Public lands in Arizona and perhaps the Western U.S. appear to be facing the most extreme year for wildland fire in more than a decade. The month of May was a record year for fire occurrence in Arizona. From May 1 to May 31, Arizona experienced 527 wildfires burning 81,536 acres.  As of today, Arizona has already experienced 941 wildfires this year burning 169,069 acres, of which 896 (95 percent) of those fires were human cased. In 2019, from January 1 to June 1, we had 689 fires burning only 47,000 acres of state, federal and tribal lands. 

“Arizona is experiencing a heavy grass and shrub fuel loading in our desert country that we haven’t seen since 2005, when we last had heavy fire occurrence in the desert regions of the state,” according to Bureau of Land Management Arizona State Director Ray Suazo. “2020 is shaping up to another extreme year for wildland fire in Arizona.” 

Eighty-Five percent, or 742 of this year’s wildfires were human-caused. It’s going to take all of us, federal and state land management agencies and the public alike, to keep this treasure of public lands beautiful, productive and safe from the impacts of catastrophic wildfire.

According to Arizona Department of Forestry and Fire Management Director, David Tenney, “the spike in the number of fires is greatly concerning. Upon ignition, fires are moving fast and spreading rapidly creating a dangerous situation for the public and our firefighters. Those dangers become amplified when fighting fires while following physical distancing guidelines.”

Much of Arizona is under fire restrictions. It is essential that everyone stay alert and do their part to prevent wildfires. Most wildfires in Arizona are human-caused, usually by campfires, sparks from equipment, vehicles parked on dry desert grass, vehicles with dragging chains or metal causing sparks, discarded cigarettes, shooting, and arson.

Preventing wildfires protects communities, firefighters, and emergency responders from exposure to smoke and disease, and greatly reduces the risk of injury or death. You can help to prevent wildfires by following all fire restrictions in effect across Arizona, which restrict campfires, equipment that can cause sparks and recreational target shooting. Ensure your vehicles and equipment are mechanically sound; check wires, fluids, tire inflation, brake condition, and secure chains or other metal that may drag. Do not drive or park over dry grass or brush.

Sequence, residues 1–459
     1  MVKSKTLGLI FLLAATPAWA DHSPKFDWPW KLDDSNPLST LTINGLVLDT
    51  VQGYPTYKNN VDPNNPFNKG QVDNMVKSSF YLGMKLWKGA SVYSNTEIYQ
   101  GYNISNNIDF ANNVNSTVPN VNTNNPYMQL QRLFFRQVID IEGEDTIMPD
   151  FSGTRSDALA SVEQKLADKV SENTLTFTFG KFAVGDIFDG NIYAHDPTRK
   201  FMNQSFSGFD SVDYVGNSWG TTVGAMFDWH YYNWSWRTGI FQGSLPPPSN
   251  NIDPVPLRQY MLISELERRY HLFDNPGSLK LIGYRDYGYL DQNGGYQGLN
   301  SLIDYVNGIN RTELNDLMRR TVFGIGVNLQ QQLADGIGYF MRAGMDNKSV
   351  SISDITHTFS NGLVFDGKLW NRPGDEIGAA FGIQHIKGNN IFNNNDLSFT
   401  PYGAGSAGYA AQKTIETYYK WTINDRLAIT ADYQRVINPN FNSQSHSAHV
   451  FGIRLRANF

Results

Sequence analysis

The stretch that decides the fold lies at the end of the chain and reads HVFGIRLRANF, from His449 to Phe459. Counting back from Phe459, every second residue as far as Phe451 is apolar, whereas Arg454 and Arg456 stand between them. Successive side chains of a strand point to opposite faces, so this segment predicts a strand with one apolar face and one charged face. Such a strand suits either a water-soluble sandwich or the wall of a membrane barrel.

Recently, a few dry lightning events combined with some windy days have increased fire activity significantly in Arizona and we are expecting this pattern to continue over the next several weeks.  These events combined with the already high occurrence of human caused fires throughout the state are exhausting firefighting resources.  We need everyone to enjoy the outdoors responsibly and help out our firefighters by preventing unneeded exposure to fighting wildfires.  One less wildfire to respond to is one less fire exposing our firefighters to potential dangers of battling these fires.

Arizona in many ways is defined by our access to the outdoors — it is an ingrained part of our culture, our way of life, and many Arizonans make their livings on the land. Thousands of residents and visitors responsibly enjoy our amazing parks, trails, forests, refuges, wildlife areas, historic sites, wilderness areas, rivers, lakes and reservoirs every year; ranchers, miners, utility workers and others depend on the land and outdoors for their livelihood. The ability for Arizonans to spend time outside enjoying or working on public lands has been incredibly important to public health while facing COVID-19.

As managers of many of Arizona’s outdoor recreation areas, we encourage Arizonans to continue enjoying all the spectacular landscapes our state offers, while adhering to physical distancing guidelines provided by the Arizona Department of Health Services  and the Centers for Disease Control and Prevention. And please also do so with an eye toward fire safety. Be aware that fighting wildland fires is even more challenging while taking COVID-19 precautions.

In addition to being safe with fire, there are other considerations these days. Be prepared to pack out everything you pack in and practice Leave No Trace principles— garbage pick-up and sanitation supplies are limited in many areas. We have been seeing unprecedented use of public lands in Arizona and unfortunately an increase in litter as a result. It is a top priority for USDA Forest Service Southwestern Regional Forester Sandy Watts to help provide a safe and sanitary place for people to recreate in the forests of Arizona. She also stresses that, “increased use and limited services mean more trash and human waste, it’s up to all of us to do our part to keep these public spaces clean.”

As public land opportunities and visitor services are reopening across the state, we encourage people to seek respite on their public lands. Please help us to maintain the beauty of these natural places by recreating responsibly. For available recreation opportunities and to view current guidelines and restrictions, the Arizona Office of Tourism offers information from state and federal land management agencies at Responsible Recreation Arizona.

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